From AG Barr's prepared remarks at Hillsdale College on Constitution Day, via Breitbart:
The most basic check on prosecutorial power is politics. It is counter-intuitive to say that, as we rightly strive to maintain an apolitical system of criminal justice. But political accountability—politics—is what ultimately ensures our system does its work fairly and with proper recognition of the many interests and values at stake. Government power completely divorced from politics is tyranny.
Isn't that what the Progressive project all about? They claim to be aiming for an apolitical government of experts. What they really mean is that all politics except theirs will be banned--a one party state. And we now find ourselves faced with a weaponized media/technology sector with unprecedented powers that is openly siding with that agenda.
Line prosecutors, by contrast, are generally part of the permanent bureaucracy. They do not have the political legitimacy to be the public face of tough decisions and they lack the political buy-in necessary to publicly defend those decisions. Nor can the public and its representatives hold civil servants accountable in the same way as appointed officials. Indeed, the public’s only tool to hold the government accountable is an election — and the bureaucracy is neither elected nor easily replaced by those who are.
Name one successful organization where the lowest level employees’ decisions are deemed sacrosanct. There aren’t any. Letting the most junior members set the agenda might be a good philosophy for a Montessori preschool, but it’s no way to run a federal agency. Good leaders at the Justice Department—as at any organization—need to trust and support their subordinates. But that does not mean blindly deferring to whatever those subordinates want to do.
Active engagement in our cases by senior officials is also essential to the rule of law. The essence of the rule of law is that whatever rule you apply in one case must be the same rule you would apply to similar cases. Treating each person equally before the law includes how the Department enforces the law.
We should not prosecute someone for wire fraud in Manhattan using a legal theory we would not equally pursue in Madison or in Montgomery, or allow prosecutors in one division to bring charges using a theory that a group of prosecutors in the division down the hall would not deploy against someone who engaged in indistinguishable conduct.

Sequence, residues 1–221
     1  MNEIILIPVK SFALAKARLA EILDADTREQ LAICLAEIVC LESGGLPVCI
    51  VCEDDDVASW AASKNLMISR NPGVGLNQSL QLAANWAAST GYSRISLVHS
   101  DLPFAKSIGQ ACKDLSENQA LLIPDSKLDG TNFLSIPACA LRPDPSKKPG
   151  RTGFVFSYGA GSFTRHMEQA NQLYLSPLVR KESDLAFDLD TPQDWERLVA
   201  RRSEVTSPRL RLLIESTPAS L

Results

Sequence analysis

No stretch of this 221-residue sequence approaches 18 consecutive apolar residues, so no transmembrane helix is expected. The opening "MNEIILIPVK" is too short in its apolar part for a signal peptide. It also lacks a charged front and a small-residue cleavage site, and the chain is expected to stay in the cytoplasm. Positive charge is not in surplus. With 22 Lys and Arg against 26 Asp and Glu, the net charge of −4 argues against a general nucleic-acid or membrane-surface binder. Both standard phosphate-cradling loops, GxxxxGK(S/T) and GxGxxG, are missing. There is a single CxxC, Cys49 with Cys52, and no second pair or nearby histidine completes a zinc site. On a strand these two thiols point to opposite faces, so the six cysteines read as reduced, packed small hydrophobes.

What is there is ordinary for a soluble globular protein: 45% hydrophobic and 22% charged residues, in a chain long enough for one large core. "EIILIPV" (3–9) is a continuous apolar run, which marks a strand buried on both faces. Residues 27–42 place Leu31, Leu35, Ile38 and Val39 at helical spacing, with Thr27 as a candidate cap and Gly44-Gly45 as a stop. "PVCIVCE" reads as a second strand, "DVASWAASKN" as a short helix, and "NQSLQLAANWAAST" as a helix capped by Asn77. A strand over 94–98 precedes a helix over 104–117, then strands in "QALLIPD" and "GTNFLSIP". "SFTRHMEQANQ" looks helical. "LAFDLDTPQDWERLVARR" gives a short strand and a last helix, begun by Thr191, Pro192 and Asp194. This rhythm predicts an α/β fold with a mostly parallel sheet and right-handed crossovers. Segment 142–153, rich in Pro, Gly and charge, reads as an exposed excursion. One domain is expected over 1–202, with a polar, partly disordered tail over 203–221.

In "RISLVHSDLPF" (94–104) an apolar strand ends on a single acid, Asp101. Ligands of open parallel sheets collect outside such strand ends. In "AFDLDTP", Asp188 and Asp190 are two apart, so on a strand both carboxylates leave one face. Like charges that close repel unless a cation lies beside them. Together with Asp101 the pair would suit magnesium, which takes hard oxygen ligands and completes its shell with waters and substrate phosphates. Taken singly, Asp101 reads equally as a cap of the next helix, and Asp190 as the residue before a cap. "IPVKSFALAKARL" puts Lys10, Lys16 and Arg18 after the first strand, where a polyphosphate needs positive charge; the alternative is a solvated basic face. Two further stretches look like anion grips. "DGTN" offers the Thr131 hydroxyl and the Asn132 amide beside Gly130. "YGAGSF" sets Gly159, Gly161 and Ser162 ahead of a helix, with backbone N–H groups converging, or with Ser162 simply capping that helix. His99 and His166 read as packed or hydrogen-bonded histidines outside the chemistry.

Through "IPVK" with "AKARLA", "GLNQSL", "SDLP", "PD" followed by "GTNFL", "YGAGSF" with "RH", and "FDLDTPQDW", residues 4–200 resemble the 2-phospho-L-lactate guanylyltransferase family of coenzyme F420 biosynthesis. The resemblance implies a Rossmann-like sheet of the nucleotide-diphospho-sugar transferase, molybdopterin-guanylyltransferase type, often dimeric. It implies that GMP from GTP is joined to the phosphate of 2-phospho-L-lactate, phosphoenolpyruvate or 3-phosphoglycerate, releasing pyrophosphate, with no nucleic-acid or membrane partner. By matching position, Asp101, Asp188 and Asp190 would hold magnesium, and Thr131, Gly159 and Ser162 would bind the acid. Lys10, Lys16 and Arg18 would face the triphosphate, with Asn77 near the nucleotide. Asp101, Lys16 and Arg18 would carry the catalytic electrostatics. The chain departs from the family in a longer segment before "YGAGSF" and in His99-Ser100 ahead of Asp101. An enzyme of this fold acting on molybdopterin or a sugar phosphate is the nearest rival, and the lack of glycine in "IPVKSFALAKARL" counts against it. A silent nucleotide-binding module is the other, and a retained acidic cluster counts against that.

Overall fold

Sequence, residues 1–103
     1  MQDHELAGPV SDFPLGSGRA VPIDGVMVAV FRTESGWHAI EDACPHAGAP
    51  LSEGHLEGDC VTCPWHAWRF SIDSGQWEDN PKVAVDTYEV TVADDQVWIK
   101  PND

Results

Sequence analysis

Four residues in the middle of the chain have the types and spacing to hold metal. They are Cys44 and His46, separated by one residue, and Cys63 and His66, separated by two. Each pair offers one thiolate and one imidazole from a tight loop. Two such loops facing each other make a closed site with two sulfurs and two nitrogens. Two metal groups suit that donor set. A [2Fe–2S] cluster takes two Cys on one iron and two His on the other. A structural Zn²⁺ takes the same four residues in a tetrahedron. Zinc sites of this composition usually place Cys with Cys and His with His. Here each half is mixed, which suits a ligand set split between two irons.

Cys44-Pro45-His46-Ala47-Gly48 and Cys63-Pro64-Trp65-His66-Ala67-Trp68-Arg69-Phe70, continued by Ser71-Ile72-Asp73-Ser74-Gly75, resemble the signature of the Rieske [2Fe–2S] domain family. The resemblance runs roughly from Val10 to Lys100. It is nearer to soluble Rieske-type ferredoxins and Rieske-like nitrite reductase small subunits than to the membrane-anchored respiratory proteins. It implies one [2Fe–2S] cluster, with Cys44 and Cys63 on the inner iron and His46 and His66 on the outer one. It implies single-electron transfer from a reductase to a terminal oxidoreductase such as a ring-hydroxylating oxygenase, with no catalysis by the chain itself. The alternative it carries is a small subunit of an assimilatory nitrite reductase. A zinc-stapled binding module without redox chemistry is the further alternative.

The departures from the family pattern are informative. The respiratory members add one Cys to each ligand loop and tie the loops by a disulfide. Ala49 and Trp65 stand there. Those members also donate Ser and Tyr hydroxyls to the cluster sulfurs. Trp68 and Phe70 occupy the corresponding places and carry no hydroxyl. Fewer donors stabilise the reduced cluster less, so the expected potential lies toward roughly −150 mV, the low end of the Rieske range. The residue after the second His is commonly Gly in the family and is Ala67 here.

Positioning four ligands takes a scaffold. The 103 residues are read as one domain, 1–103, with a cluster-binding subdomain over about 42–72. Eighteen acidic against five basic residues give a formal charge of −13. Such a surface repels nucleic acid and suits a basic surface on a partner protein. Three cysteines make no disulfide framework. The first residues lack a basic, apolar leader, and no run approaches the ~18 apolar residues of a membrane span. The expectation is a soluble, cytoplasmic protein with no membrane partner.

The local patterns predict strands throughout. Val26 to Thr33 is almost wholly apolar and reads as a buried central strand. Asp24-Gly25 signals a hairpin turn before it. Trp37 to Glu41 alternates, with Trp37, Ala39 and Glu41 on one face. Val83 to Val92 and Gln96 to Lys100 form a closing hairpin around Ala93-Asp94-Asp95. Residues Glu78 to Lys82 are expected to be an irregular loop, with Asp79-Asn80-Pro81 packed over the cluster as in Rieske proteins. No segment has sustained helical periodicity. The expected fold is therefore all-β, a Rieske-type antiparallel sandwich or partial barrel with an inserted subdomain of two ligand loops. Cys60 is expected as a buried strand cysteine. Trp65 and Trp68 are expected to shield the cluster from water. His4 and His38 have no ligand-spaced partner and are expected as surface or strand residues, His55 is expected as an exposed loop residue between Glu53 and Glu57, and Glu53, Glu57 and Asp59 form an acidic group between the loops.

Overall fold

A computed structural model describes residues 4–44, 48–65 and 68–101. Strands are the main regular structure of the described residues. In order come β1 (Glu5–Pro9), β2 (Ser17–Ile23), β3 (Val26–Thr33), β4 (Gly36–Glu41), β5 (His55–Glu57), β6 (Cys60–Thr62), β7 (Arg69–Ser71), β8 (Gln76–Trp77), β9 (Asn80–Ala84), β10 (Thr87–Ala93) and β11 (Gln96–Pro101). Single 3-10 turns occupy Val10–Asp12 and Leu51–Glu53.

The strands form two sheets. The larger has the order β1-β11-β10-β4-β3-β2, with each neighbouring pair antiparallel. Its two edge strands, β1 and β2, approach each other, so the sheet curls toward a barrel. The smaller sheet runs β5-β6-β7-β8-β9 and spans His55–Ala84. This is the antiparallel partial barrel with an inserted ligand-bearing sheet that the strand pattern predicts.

Taking a capacious approach to criminal law is not only unfair to criminal defendants and bad for the Justice Department’s track record at the Supreme Court, it is corrosive to our political system. If criminal statutes are endlessly manipulable, then everything becomes a potential crime.
Again, isn't that the Progressive notion? Let the experts--the Weissmann's and Comeys and Muellers--decide what the criminal laws should mean. If it advances the Progressive agenda of one party rule, then it must be ipso facto legitimate. We've seen this approach over and over again. And we're seeing it every day from The Resistance.
This criminalization of politics is not healthy. The criminal law is supposed to be reserved for the most egregious misconduct — conduct so bad that our society has decided it requires serious punishment, up to and including being locked away in a cage. These tools are not built to resolve political disputes and it would be a decidedly bad development for us to go the way of third world nations where new administrations routinely prosecute their predecessors for various ill-defined crimes against the state. The political winners ritually prosecuting the political losers is not the stuff of a mature democracy.
My question--how to proceed in a divided country with its constitutional order under attack in Congress, from an Executive Deep State, and in the Judiciary?
But when was the last time we had an AG who has thought this deeply about our constitutional order? And who offers his views on the subject without varnish, without talking down?
CNN anchor Don Lemon was flabbergasted: “I don’t know what to say,” he said, in reporting Barr’s remarks.
Well, no. How would he know what to say to intelligent, prepared remarks?